A reflection of change

Maternity shoots

A reflection of change

Kareena Kapoor walking the ramp with her baby bump made waves on social media and sparked discussions in various fora about how this is a celebration of pregnancy.

Meanwhile, closer home in Bengaluru, it looks like more and more mothers-to-be want to cherish this phase, and the memories they associate with it. City-based shutterbugs say they have been landing an increasing number of maternity photography projects lately. And clients come from across different sections of society, they observe.

“It has become mainstream now,” says Antony Pratap of Nevervoid Photography, comprising two lensmen and two editors. The group has worked on about 50 maternity photography projects. “But we did one first for a friend a couple of years ago,” he admits. “We added pictures on our website, and it has simply caught on.”

For many other photographers too, it was a chance request that got them experimenting with this genre. Sharmilla Shah, founder of ‘Wedding Bellz’, had clients, whose wedding memories she had immortalised, trickling in for such projects initially.

“For every 10 shoots I do, eight are wedding and the other two maternity,” says the mother who also had photographers at a friend's studio click her pictures when she was pregnant eight years ago. “Since then, it has picked up and people are more aware of it,” she adds.

“Even earlier, people had photographers at rituals related to pregnancy, but the element of celebration in those pictures were more subtle.” She and her fellow photographers agree that a Western influence is responsible for the popularisation of the trend. However, her clients over the past five years — except for one — have requested her not to share or use the photos in a public domain.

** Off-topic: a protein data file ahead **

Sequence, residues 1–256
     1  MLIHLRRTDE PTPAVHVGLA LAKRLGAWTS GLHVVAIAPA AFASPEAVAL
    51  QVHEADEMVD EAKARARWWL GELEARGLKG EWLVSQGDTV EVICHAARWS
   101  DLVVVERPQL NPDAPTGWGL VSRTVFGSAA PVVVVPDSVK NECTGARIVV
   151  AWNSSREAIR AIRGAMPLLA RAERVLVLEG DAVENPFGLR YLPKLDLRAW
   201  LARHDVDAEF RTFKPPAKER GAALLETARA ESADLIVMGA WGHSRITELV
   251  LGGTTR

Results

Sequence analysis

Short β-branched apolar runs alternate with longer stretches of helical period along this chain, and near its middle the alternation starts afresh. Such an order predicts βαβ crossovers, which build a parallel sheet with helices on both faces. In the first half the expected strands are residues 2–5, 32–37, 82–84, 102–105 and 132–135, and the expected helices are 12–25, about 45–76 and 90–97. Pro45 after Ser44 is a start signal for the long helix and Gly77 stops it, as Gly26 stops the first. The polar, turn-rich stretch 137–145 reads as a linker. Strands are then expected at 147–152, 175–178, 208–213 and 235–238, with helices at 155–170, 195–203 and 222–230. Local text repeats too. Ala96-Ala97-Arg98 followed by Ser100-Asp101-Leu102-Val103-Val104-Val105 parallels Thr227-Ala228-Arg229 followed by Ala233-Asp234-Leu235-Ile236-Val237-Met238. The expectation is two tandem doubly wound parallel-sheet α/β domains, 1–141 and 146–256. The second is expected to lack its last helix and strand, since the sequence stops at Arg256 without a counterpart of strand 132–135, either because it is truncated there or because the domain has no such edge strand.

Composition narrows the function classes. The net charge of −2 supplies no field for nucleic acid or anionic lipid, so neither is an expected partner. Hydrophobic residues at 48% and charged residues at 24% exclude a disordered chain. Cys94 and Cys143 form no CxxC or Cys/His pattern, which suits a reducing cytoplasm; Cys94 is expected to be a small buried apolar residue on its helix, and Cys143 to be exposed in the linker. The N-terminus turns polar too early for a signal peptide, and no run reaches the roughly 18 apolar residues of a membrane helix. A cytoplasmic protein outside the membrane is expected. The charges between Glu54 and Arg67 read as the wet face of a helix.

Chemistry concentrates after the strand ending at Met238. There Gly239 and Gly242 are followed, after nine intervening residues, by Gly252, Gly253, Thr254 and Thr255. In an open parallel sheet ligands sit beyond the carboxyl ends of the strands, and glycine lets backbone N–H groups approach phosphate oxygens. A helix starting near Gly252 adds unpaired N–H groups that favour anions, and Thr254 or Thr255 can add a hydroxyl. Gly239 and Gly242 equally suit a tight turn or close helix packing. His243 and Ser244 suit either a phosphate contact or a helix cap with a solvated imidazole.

“Most Indian women don’t put them up, at least until the child is born,” she observes. “Their families are often anxious that the child might come to harm from an evil eye.”

But she does see a shift in sensibilities. “Karisma (Kapoor) is from a similar background, but chose not to be photographed when she had her child,” she says. So Kareena's move serves as a reflection of change as well as an inspiration, she believes.

Sowmya Mense, who runs the popular Facebook page SowmyaPhotography, disagrees. “So many doctors, engineers and people from other professions continue working till an advanced stage in their pregnancy nowadays,” she says. “I also continued to do shoots till my eighth month. So why put celebrity moms-to-be on a pedestal?”

Her clientele have progressed from people whom she had already worked for to fresh faces. “And from those who wanted a handful of frames to a those who ask for a full-fledged shoot,” she says.

“Many even insist that it's creatively crafted. They want to truly celebrate the transformation of the body.”

Last week, she shot a would-be mother in a tub of milk, with flower petals floating. “I don't limit the location to parks, like many other photographers do. I’ve done another on the streets — around MG Road and Brigade Road,” she says.

Like Sharmilla, Sowmya has also been on the other side of the lens of maternity shoots. Did she share her pictures online? “Not really, they’re really personal for me,” she replies.

Rohith, who started ‘Baby Graphy’ in 2010, gets about 15 to 20 maternity projects a year. “Till around two years  ago, the numbers were two or three annually,” he says.

“It might still be a more niche market than wedding photography, but now, at least, any moms-to-be who want to get their pictures taken have a number of options in the city.”

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